At some point on lap two, my body started dictating orders to me. I’m very used to ignoring those calls and suffering onwards, but this time it would be different. My back and hips seemed to seize up to the point where the signals coming down from my brain didn’t get through. I eased back and fell through the mid teens until I found a group of riders spanning 20-25th. It worked well for me to be in a group. The draw of a wheel in front of me was enough to keep pushing hard, but by lap three even that was too much. I cracked on the climb, then crashed into the bushes on the descent trying to chase back on. I was now in no mans land with two laps to go. The ‘quit’ signals from my brain got ever stronger, but the thought of driving twelve hours back to Boulder after not finishing was even worse. I just pedalled around, alone, in agony.
I finished in 25th. A much better result than I thought I was riding for at the time, but still a long way short of where I wanted to be. Two weeks ago, when I raced the GoPro games in Vail, I’d finally started riding with some names I’d been paying attention to this year. I had finished four minutes behind Howard Grotts (the winner on both occasions), rather than twelve minutes back here in Missoula. I know that I have a top 15 ride in me, and it’s really disappointing to see who I want to be competing against doing well in the important races, and leaving me floundering behind.
It’s the bad races that really make me appreciate having a coach, though. Dave’s hard work for me really shows through when I’m having a bad day. He cares about how I do, and that support helps lessen the burden of figuring out where to go from a bad race. It makes going into the next one a little less scary, and reminds me that there’s a bigger picture out there that he’s painting for me.
Colorado Springs ProXCT is next weekend. I’m confident of having a better race than this weekend. Whether that better race will fulfill my goals is another question. I’d really like to head back home to England with a UCI point.
The GoPro games is Vail’s way of filling the town with 50,000 people during a time of year that most ski resorts still idle and empty. The protective white coating on the hillsides has barely revealed the fresh sprouts of summer grass, and the Aspens have their young yellowish-green leaves in contrast to the dark evergreens. The GoPro games is unlike most other races, as it combines a whole bunch of different sports into one festival. Alongside the XC mountain bike race, climbing, kayaking, running, ‘slacklining’ and road bike time trials vie for spectator’s attention. It’s a great opportunity to perform in front of a bigger crowd, and a crowd of people who probably wouldn’t choose to attend a bike race under any other circumstances. The event puts up a sizable chunk of money to attract the names. $6000. Because of the money on the line, I’d set a goal of top 10; it wouldn’t get me in the money, but I just wanted to prove that I can compete against the guys I’ll be racing against in the next ProXCT in Montana in a couple of weeks.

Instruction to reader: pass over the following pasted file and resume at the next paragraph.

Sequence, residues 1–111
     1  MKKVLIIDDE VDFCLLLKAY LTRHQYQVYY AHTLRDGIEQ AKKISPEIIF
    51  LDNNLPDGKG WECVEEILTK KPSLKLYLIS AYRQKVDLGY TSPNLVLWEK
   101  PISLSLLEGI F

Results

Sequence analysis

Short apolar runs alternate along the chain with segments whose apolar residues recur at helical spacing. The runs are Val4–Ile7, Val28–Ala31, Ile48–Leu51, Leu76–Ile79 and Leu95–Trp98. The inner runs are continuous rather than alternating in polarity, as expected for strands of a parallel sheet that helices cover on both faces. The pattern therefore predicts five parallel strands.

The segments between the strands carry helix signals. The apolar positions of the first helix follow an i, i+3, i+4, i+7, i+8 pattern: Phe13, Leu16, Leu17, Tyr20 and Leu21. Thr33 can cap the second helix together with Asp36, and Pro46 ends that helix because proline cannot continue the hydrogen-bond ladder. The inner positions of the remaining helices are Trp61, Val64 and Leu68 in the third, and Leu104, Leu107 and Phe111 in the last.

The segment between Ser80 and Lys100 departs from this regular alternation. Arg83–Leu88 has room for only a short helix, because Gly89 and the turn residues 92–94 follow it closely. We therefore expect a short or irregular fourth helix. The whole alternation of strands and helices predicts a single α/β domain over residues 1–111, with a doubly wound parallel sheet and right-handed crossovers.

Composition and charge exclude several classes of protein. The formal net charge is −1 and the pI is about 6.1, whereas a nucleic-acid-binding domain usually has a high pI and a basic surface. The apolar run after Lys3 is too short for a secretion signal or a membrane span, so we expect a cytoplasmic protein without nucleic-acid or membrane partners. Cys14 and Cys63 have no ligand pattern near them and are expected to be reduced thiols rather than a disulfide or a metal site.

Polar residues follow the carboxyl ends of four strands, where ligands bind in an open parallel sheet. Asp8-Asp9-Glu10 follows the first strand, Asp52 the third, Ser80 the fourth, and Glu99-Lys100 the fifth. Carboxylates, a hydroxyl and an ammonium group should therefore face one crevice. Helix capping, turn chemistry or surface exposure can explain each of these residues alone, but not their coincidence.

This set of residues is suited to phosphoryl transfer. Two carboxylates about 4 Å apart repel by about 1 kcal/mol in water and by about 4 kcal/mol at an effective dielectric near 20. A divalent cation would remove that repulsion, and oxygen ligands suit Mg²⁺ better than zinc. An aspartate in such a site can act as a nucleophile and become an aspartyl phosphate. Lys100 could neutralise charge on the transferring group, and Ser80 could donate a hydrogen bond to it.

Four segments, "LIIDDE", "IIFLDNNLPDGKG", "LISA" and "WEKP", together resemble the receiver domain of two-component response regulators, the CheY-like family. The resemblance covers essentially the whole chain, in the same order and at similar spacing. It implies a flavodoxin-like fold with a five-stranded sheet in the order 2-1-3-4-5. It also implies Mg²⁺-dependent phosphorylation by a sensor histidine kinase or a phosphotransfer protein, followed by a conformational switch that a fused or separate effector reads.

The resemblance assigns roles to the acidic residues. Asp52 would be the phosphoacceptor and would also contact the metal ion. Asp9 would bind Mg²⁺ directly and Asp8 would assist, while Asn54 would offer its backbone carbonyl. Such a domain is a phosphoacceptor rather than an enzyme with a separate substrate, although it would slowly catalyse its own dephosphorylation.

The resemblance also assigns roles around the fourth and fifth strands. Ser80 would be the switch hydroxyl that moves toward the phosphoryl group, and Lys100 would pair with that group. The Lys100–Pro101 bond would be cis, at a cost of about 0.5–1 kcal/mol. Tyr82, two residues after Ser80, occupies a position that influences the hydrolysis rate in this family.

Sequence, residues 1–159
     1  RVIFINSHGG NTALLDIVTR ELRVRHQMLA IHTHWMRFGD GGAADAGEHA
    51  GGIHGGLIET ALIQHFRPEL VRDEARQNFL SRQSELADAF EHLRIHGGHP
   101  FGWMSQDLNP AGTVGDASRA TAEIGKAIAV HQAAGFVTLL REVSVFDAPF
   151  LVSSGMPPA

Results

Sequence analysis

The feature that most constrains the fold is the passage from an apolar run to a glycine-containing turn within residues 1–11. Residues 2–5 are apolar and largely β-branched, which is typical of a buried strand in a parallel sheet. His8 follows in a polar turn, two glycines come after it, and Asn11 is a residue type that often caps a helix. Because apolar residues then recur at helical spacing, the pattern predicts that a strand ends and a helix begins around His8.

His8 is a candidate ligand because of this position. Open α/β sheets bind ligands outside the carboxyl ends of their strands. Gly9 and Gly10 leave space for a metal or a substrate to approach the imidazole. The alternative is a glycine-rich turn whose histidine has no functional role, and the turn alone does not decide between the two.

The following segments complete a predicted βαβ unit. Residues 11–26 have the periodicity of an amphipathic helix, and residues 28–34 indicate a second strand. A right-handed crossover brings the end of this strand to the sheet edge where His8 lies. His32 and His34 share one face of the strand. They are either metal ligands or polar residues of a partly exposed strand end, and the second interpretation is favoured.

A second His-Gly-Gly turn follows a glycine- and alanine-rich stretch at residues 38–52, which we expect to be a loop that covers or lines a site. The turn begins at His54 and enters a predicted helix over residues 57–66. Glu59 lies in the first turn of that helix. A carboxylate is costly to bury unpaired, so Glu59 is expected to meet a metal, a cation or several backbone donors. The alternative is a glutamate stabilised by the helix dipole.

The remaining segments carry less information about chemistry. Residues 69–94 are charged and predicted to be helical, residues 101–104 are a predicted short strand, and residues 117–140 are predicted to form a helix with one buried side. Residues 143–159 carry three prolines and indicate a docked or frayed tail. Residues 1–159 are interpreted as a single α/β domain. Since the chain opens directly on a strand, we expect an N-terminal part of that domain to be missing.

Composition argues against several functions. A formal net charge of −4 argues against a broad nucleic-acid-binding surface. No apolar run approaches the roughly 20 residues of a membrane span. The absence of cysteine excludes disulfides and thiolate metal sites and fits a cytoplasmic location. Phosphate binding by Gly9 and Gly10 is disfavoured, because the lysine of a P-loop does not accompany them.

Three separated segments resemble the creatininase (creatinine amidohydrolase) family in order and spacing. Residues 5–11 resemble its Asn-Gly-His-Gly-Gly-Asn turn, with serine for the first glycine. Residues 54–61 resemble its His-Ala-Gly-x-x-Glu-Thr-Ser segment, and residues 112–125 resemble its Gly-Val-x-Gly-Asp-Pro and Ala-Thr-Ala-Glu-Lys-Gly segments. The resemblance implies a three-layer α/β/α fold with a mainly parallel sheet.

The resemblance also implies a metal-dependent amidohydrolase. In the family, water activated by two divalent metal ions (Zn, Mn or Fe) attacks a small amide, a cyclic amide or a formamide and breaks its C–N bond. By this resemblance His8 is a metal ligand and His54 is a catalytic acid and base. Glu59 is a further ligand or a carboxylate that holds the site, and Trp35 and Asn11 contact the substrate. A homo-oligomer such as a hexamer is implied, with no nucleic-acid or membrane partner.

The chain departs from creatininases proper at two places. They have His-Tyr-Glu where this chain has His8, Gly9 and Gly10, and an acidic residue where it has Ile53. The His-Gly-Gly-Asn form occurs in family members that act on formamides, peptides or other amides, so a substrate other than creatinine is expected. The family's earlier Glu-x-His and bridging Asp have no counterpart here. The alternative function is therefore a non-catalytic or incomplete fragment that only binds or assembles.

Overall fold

Mountain Biking is pretty selfish. It’s an individual pursuit than requires entire self-absorption. At the same time, it can’t be done without a huge network of people supporting and helping out. With the race being in Vail, I had the Ghent household out in strength to support me. It made a big difference. Christa is a seasoned expert in dealing with me before races.
We lined up on a downhill corner on loose gravel. Switching the opening loop to run in reverse would have been simple, creating a nice fast climb right from the gun. Instead we ended up with a chaotic stampede into a treacherous corner. I lined up on the second row (yay for not needing UCI points to get a good start!), and managed to get smoothly through the first corner in about 6th place. I have to admit to a novice-error on the first steep climb though; as Todd Wells pulled up alongside me, I briefly decided that I wasn’t worthy of rubbing shoulders with Olympians and let him slip effortlessly in front of me. Although I was never going to challenge him at the end, I still feel like I should have held my own a little more at the start.